Speaking to a predominantly black congregation at Bethlehem Baptist Church in South Carolina today, Joe Biden implied that President Trump and his supporters are in the same group as the Klu Klux Klan.
Biden told the congregation,
“Folks, some mornings I wake up and I think it’s more like what it must have been in 1920 than 2020,” later claiming,
“This president and his — the Ku Klux Klans and the rest of them, they think they’ve beaten us again. But they have no idea — we’re just coming back.”
See for yourself:
Watch Biden's speech here:
The full speech in its entirety can also be watched here:
Fox News has more to say on Biden lumping Trump in with the KKK:
Former Vice President Joe Biden delivered a speech before a mostly black congregation at the Bethlehem Baptist Church in Columbia, S.C., Sunday in which he spoke of race relations in terms befitting a biblical prophet warning of impending destruction.
Biden’s brief address the weekend of Martin Luther King Jr. Day included tales of the Civil Rights Movement while expressing fear that the progress made during the 1960s was unraveling, at least in part due to President Trump.
“Folks, some mornings I wake up and I think it’s more like what it must have been in 1920 than 2020,” Biden said.
He went on to recall the efforts and success of the Civil Rights Movement, saying that at the time people “thought we began to move and that civil rights was beginning to make some real progress.”
Biden forebodingly claimed that this progress was part of a movement that “has not been able to be stopped until recently,” warning that while “I thought you could defeat hate … hate only hides.”
Chicago Tribune also said:
Former Vice President Joe Biden paid a visit to Sunday services at Bethlehem Baptist Church, a large black congregation here, urging the crowd to fight back against hatred and condemning President Donald Trump in some of his strongest language yet for heightening racial divisions in the country.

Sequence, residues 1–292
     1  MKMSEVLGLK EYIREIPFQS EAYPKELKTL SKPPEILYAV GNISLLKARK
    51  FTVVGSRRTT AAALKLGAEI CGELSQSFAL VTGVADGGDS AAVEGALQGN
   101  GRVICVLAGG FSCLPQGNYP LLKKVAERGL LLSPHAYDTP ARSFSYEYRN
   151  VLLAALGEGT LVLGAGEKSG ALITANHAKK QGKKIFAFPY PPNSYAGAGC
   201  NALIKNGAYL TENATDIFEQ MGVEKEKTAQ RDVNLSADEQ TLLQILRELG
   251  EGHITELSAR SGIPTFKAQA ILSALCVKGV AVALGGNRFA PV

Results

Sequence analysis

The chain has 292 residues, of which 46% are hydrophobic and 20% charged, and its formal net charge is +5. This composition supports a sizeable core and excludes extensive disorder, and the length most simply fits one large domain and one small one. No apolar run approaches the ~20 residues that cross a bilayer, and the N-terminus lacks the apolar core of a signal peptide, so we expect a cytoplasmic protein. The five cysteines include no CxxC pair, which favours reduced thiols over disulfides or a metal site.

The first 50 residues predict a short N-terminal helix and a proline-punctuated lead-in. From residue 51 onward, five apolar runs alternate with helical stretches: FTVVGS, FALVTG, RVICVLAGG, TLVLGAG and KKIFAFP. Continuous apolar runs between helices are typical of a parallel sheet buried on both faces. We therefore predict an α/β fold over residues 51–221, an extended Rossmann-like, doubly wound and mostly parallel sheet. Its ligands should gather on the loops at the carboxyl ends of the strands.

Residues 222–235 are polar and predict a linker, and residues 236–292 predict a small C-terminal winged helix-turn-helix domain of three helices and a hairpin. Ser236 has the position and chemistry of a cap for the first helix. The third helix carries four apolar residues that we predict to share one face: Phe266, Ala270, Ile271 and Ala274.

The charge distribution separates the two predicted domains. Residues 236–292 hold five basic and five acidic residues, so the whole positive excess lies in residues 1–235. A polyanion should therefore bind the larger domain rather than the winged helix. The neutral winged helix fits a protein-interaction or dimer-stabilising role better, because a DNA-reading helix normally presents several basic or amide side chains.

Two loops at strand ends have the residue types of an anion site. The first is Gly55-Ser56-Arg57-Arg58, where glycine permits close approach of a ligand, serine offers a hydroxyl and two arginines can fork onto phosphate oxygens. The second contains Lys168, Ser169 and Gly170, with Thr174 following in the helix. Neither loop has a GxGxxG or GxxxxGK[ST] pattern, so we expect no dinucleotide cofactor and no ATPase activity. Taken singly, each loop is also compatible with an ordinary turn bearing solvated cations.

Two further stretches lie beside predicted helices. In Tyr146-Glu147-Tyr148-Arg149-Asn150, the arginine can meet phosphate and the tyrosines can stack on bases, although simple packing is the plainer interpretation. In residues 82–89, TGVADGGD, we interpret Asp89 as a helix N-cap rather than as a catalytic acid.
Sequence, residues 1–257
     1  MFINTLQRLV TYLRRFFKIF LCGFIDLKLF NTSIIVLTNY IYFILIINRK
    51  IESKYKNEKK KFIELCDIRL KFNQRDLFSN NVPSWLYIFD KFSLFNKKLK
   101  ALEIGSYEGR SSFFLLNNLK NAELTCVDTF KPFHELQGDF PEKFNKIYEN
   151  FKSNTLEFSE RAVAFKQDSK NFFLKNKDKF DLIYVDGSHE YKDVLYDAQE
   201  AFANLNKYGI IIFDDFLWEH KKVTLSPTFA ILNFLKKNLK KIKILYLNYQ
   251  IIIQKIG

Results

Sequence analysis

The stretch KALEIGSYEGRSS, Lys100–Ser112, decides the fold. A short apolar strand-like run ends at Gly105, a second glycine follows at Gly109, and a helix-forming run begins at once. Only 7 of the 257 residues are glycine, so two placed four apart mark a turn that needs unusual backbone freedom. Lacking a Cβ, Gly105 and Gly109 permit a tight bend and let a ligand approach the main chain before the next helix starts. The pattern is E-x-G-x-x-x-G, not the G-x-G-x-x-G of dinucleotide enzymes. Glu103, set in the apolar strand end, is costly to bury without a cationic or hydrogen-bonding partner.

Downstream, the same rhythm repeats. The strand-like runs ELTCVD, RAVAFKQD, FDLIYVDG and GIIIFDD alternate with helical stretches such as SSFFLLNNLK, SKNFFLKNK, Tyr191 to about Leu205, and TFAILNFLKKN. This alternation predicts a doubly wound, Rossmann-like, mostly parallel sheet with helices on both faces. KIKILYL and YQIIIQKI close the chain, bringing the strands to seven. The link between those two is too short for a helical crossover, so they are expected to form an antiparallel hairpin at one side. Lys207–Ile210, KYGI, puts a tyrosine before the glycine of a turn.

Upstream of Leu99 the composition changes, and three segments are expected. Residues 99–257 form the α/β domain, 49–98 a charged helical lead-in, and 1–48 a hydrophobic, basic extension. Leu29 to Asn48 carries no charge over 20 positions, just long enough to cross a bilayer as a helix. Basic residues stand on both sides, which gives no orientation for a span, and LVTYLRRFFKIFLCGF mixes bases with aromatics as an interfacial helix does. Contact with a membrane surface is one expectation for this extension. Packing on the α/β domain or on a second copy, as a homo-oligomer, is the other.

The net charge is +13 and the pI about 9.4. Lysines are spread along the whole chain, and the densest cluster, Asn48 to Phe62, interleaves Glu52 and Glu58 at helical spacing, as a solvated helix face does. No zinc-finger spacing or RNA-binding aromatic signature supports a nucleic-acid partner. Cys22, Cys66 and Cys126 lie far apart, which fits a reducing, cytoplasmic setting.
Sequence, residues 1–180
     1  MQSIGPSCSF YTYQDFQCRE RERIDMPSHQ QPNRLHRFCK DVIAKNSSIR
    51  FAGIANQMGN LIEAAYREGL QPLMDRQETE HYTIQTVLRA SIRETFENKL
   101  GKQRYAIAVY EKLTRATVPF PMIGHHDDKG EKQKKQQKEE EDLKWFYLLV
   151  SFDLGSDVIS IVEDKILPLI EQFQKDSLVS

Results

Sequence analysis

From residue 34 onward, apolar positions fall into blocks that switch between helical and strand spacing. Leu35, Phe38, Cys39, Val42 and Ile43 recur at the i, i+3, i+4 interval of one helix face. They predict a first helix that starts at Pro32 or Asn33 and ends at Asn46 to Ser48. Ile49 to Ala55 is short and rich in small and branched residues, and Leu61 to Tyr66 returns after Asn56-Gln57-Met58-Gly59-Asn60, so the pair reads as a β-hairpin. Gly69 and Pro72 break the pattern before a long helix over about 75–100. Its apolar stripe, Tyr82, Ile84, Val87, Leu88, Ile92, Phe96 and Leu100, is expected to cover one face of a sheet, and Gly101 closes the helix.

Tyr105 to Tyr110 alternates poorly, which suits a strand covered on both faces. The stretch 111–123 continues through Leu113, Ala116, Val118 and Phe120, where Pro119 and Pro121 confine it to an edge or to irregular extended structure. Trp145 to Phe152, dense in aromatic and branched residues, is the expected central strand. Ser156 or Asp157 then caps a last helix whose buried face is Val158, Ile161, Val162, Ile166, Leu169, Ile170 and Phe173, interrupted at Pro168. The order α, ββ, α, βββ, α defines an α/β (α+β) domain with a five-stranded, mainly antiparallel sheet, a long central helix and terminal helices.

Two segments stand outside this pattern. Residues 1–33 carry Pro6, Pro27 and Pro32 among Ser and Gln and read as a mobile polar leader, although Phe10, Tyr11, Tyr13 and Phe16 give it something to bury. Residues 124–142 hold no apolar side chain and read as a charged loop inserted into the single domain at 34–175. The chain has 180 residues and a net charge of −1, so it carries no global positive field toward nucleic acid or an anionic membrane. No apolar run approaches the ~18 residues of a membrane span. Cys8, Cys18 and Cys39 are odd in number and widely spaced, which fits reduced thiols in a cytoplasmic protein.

“This president and his — the Ku Klux Klans and the rest of them, they think they’ve beaten us again. But they have no idea — we’re just coming back,” Biden told the congregation.
“I thought you could defeat hate,” he said. “But hate only hides. It never fully goes away,” he added, pointing to the outbreak of white supremacist violence in Charlottesville, Virginia, in 2017. “And they asked the president what he thought, and he said, ‘There were very fine people on both sides.’”
Referring to what he called a historic inflection point — when the police aimed fire hoses at civil rights activists in Birmingham, Alabama, during the 1960s, galvanizing more of the country behind their movement — Biden said that the country had reached a similar moment.
His remarks to the 1,300-member congregation were among the strongest condemnations of the president to date in a campaign season in which a number of leading candidates have harshly criticized the president’s posture on race and immigration.